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William Henry Harrison Myers


Posted By: IAGenWeb Volunteer
Date: 11/12/2013 at 10:55:10

Prominent Citizen Called

Dickinson county lost one of her most active factors and useful men of recent years when Hon. W. H. H. Myers died at Milford last Saturday. He was a man of unusual force of character. When he had decided upon a course of action it was his way to fight it out on that line regardless of opposi-tion. He was a gallant soldier of the civil war. In business he had the reputation of being strict-ly honest. He paid so much for grain that his accumulations were not rapid, but the farmers appreciated his enterprise. He was a neighbor of rare kindliness and would go a long ways for a friend. He was public spirited to a fault, and the needy had no more practical sympathizer. With rare devotion he served his family upon every member of which this sad blow falls with stunning force.

In politics Mr. Myers was forceful as elsewhere. In the south townships, from his first appearance in the county, his influence was important. This fact won for him the support of the county when he stood for representative. At Des Moines and about the state he made many warm friends by his sturdy support of what he believed to be right as well as through the graces of genial comradeship. Wide spread regret attends this swift summons of death.

While it was known to a few the public generally did not realize until within a few days of the end that the case was so serious. Mr. Myers knew for some time that he was in the clutches of Bright’s disease, but he made little complaint and refused to give up the fight until the end was at hand.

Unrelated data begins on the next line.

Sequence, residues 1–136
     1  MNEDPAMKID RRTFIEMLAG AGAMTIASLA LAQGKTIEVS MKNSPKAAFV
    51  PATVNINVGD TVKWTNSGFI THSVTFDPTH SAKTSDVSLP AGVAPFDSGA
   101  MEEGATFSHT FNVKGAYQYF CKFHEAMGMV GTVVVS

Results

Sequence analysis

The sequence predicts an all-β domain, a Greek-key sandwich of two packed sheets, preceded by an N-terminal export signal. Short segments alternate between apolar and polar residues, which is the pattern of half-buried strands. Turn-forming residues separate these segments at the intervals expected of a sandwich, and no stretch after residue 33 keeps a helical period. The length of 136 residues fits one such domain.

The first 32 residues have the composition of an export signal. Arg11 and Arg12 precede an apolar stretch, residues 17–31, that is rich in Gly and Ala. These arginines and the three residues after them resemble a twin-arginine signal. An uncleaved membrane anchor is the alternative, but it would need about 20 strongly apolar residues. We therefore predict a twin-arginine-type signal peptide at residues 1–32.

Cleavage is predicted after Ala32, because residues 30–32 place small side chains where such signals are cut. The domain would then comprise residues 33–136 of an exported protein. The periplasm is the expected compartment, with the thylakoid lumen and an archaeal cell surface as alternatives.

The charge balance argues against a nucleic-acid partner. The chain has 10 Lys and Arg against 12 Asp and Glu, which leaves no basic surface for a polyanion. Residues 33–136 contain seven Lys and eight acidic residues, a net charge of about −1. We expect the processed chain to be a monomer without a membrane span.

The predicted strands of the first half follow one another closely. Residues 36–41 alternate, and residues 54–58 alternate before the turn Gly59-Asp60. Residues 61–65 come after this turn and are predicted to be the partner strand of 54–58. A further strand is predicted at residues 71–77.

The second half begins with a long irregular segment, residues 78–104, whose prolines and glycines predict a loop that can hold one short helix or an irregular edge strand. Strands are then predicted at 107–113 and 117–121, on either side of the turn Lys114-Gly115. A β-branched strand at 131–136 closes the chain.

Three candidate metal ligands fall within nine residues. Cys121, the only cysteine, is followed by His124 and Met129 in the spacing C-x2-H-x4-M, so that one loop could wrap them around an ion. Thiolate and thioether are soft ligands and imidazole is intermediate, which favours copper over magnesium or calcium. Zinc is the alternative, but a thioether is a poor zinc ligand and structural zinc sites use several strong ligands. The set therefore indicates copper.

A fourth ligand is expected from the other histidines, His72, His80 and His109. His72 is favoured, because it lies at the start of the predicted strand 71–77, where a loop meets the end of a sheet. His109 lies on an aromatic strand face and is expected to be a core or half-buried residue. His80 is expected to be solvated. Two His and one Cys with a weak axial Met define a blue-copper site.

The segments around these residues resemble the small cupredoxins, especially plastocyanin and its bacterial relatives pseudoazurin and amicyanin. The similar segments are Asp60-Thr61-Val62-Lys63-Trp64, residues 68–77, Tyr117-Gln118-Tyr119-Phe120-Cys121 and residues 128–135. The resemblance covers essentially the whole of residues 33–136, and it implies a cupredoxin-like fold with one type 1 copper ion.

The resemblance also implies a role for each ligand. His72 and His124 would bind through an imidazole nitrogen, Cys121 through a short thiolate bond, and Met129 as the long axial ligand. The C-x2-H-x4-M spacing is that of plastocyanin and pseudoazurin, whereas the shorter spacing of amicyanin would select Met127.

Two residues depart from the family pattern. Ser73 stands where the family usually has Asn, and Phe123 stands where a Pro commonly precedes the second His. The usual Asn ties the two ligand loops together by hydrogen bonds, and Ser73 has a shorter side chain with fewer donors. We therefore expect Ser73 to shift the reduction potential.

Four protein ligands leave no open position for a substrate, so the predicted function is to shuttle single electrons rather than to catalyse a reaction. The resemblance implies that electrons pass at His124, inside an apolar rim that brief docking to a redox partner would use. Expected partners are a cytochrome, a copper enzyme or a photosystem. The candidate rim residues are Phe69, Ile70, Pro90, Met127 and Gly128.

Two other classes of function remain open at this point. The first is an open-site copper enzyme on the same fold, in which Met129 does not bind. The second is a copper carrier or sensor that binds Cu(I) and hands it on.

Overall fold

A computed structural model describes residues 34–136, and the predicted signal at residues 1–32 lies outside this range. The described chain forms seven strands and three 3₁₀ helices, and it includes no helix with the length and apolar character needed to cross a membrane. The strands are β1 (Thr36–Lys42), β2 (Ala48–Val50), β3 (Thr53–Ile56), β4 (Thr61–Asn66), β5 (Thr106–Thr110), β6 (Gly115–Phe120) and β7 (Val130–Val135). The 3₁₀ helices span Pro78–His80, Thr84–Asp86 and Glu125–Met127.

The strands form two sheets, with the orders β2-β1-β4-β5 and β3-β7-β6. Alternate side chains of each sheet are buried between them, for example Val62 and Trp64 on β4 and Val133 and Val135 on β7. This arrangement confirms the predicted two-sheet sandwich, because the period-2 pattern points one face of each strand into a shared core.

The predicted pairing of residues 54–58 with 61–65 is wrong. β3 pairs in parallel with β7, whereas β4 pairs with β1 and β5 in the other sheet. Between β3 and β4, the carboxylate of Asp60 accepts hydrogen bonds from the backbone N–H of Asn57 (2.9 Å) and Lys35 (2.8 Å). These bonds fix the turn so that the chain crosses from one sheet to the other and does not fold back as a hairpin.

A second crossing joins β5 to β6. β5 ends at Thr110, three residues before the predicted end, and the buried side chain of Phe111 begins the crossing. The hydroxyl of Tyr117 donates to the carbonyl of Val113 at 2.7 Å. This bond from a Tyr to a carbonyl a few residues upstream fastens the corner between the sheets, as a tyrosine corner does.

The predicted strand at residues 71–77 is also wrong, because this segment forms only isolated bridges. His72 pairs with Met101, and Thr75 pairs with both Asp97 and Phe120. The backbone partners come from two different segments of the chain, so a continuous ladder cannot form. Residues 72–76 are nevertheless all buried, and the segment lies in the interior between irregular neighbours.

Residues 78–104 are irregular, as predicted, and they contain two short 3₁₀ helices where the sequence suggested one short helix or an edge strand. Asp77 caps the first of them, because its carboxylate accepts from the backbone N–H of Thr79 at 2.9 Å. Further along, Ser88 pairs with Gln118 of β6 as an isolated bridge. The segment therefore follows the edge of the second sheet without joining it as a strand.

From the home paper, the Milford Mail, we take these details:

William Henry Harrison Myers was born in Clinton county, Indiana, on December 24, 1839, and died at Milford, Iowa, on Saturday, January 24, 1903. In 1851 he moved with his parents to Fayette county, Iowa, where he attended school. When the civil war broke out he was a student at the Upper Iowa University, at Fayette, but deeming his country’s call of greater importance than learning he gave up his book to shoulder a musket and marched away to fight for the flag of his fathers. He enlisted as first sergeant in Co. H, 38th Iowa Volunteer Infantry on August 12, 1862, and served his country well until his discharge at Houston, Texas, August 15, 1865. He was married to Miss Mary E. Shannon at Toulon, Illinois, May 15, 1866, and located in Polk county, Iowa. He resided in Iowa the remainder of his life, with the exception of three years spent in Kansas and five years in Nebraska. In 1895 he located in Milford, buying the grain and coal business of Hall Bros., taking in as partner his son K. S. Myers. They sold out in 1901 to J. E. Knudson & Son and engaged in the grain, lumber and coal business at Arnolds Park. In 1899 he was elected as a member of the Twenty-eighth General Assembly, serving his district well. He leaves a widow, four daughters and one son to mourn him.

Funeral services were held in the Methodist church at Milford Tuesday afternoons at 2 o’clock under the auspices of Gloaming Lodge, No. 482, A. F. & A. M. Rev. R. H. Reidy preached an eloquent sermon and the body was laid to rest in Okoboji cemetery.


Dickinson Obituaries maintained by Kris Meyer.
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